Stages of illness

I’ve been sick the last couple of weeks. Normally I wouldn’t mention personal illness, but this bug seems to hang on forever, and it has taken me through all the stages of illness the old folks used to talk about. So, for those of you who may not have had a proper introduction to country medical terminology or may have forgotten, I thought it would be worthwhile to help you catch up your education.

The first day or so, I felt kinda punk, or puny it was sometimes called. To the trained eye, I looked a little peeked (pronounced as two syllables).

A few days later, I got worse. My eyes were reddened. Indeed, they were bad enough to be officially “pink-eye,” which, by the way, is much more serious than mere red eye. My throat was sore, and I had general body aches that made me feel “like I’d been run over by a truck.” I never understood why it had to be a truck, but medical terms aren’t always obvious to the layperson.

In other words, I was as sick as a dog. This stage of illness is usually accompanied by a strong desire to “lay around the house.” I resisted at first, remembering the medical fact that if you lay down you might not want to get back up again.

But things got even worse, meaning that I was soon as sick as a buzzard. That’s about as sick as a human being can get without having to go to the hospital. People who are this sick often have a serious condition, like spinal men-in-Jesus or infant-tigo.

After laying around the house for a day or so and not getting any better, I decided I’d better make sure it wasn’t one of those dread diseases instead of the “creeping crud” that I thought I had.

Just to be safe, I went to my doctor, who gave me some drops for my conjunctivitis–apparently they work on pink-eye, too. He also gave me a sulfa drug, which I knew was good because the vet once told Dad to put sulfur and kerosene on our dog’s mange.

Sulfa, I imagine, is sulfur from Georgia, where they lost the letter r sometime in the Carter administration.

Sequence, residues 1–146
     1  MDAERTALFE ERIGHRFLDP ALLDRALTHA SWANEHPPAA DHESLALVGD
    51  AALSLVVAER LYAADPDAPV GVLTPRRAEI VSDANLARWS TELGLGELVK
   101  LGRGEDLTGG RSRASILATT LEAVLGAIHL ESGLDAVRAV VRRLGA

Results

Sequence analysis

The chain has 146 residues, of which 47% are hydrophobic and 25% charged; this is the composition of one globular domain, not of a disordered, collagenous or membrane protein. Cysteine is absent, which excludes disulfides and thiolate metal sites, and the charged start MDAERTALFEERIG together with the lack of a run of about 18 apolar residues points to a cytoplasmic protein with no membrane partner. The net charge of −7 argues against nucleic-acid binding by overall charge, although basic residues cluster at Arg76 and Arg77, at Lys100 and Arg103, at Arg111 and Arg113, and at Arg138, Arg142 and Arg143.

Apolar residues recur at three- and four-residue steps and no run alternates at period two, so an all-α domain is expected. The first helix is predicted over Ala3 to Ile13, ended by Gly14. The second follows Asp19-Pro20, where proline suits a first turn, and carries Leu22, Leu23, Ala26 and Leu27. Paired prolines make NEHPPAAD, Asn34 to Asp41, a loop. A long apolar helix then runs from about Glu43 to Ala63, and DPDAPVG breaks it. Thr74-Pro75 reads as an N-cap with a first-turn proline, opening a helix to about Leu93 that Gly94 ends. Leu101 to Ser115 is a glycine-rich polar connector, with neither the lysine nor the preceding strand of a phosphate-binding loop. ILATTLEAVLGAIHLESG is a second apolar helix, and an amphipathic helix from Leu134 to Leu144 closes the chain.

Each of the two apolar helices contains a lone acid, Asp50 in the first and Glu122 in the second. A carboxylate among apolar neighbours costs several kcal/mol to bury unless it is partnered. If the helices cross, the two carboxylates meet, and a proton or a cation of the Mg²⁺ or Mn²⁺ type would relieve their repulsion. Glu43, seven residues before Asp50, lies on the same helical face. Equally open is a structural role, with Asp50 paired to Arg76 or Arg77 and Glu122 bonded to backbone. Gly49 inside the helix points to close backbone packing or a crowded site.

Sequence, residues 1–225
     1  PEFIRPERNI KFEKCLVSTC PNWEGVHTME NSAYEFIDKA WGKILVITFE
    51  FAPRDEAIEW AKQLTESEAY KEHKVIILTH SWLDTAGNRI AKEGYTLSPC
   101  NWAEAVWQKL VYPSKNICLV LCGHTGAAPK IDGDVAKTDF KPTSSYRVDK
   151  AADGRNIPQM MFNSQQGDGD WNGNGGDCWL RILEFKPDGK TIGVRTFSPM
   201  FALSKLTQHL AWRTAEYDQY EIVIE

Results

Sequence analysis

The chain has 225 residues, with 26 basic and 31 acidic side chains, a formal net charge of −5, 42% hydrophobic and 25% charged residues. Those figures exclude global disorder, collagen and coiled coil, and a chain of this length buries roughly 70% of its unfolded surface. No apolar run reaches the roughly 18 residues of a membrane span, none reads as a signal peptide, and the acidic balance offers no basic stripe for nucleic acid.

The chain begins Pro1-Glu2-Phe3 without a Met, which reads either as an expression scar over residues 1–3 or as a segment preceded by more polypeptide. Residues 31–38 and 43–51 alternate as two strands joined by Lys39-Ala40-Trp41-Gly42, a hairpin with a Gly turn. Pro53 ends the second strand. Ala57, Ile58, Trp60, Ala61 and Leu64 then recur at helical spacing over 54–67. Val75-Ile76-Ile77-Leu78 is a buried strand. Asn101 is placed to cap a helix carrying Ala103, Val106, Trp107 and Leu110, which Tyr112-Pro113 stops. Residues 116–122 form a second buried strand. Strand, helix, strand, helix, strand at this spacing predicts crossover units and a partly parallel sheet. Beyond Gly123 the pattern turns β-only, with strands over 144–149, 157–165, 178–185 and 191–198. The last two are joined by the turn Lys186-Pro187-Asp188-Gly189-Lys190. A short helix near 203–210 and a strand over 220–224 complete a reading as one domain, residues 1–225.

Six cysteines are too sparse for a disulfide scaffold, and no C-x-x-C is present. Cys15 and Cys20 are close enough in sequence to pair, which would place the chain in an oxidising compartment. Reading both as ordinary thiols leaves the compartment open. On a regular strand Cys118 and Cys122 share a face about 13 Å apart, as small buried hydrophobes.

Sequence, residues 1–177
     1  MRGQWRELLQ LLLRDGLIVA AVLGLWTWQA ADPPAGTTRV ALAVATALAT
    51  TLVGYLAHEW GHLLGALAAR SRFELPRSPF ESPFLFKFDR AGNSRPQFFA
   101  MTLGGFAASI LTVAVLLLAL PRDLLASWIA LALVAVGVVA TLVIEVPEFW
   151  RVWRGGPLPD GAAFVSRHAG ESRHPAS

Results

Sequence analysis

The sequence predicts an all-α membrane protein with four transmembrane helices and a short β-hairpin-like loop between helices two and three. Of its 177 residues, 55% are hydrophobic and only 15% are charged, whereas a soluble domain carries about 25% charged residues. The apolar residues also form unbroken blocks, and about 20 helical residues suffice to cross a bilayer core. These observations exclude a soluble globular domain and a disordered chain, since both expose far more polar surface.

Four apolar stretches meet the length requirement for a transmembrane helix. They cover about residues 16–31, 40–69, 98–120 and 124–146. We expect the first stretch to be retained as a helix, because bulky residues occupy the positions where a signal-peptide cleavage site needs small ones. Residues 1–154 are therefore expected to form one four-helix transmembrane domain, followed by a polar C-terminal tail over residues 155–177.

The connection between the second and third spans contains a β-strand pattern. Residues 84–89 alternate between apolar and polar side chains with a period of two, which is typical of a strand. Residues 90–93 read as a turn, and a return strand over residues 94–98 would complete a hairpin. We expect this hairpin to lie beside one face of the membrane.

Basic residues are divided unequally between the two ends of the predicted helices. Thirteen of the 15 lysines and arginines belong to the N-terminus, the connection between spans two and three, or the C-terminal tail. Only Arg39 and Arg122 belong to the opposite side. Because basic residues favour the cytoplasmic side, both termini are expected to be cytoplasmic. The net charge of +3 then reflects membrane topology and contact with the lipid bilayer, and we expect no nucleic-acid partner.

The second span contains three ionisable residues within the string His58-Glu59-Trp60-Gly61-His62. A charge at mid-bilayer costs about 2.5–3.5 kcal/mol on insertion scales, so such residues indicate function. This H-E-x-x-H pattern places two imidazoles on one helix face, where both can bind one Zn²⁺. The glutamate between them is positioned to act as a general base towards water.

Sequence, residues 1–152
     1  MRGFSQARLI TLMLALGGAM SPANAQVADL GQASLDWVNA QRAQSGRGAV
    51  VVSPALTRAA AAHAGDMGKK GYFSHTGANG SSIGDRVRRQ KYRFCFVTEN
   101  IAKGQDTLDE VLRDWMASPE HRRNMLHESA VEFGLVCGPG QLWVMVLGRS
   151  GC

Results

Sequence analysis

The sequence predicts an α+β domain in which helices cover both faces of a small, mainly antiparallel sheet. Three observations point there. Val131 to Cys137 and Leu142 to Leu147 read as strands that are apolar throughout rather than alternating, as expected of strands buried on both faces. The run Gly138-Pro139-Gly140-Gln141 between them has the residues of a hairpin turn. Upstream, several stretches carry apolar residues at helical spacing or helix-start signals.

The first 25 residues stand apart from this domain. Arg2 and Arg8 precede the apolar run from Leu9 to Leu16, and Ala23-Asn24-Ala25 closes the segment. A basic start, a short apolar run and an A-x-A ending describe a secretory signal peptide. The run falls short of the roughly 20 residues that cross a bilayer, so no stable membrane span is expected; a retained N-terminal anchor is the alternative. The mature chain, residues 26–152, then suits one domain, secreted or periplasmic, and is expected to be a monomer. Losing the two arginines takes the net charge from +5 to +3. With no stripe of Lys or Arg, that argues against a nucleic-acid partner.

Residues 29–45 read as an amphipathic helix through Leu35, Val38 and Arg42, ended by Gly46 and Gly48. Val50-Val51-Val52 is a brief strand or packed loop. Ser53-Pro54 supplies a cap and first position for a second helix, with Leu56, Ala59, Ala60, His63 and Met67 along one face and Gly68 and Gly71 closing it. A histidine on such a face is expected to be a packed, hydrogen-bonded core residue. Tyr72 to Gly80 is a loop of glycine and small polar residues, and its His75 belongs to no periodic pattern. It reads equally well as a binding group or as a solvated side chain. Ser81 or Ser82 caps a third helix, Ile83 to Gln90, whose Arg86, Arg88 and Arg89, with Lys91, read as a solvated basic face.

Grandpa Nelson always said if he was sick he’d rather have a vet’s advice than a doctor’s. Vets are paid to get the animal well quick and cheap. Not like doctors, who make more money if you stay sick longer and take more medicine. My doctor must have heard that from his patients, because he always is careful to tell me any drug he prescribes is cheap and it works well.

I took a week’s worth of sulfa and the eye drops. My eyes cleared up, and I improved back to sick as a dog status. At times I was even better, just feeling a little punk.

Then yesterday, I took a turn for the worse. Not only was I sick as a buzzard again, but I developed a new symptom.

I was as drunk as a cooter.

For the uninitiated who might be wondering, I don’t have any idea why a cooter might be drunk. And I had not been imbibing, so I don’t know why I would have been drunk either. All I know is I was “crazy-headed” all day.

Today, I feel better so far. It being Thanksgiving, I have a full day ahead of me, dragging myself from one meal to the next, then to the TV for football.

I hope all that eating doesn’t put me back at buzzard status.

Regardless, may your Thanksgiving be peaceful and blessed.


One thought on “Stages of illness

  1. My father-in-law had another statement like these. I’ll leave it to you to decide if it’s a new stage or different terminology for an existing stage. He would say “I feel wormy and no-account.”

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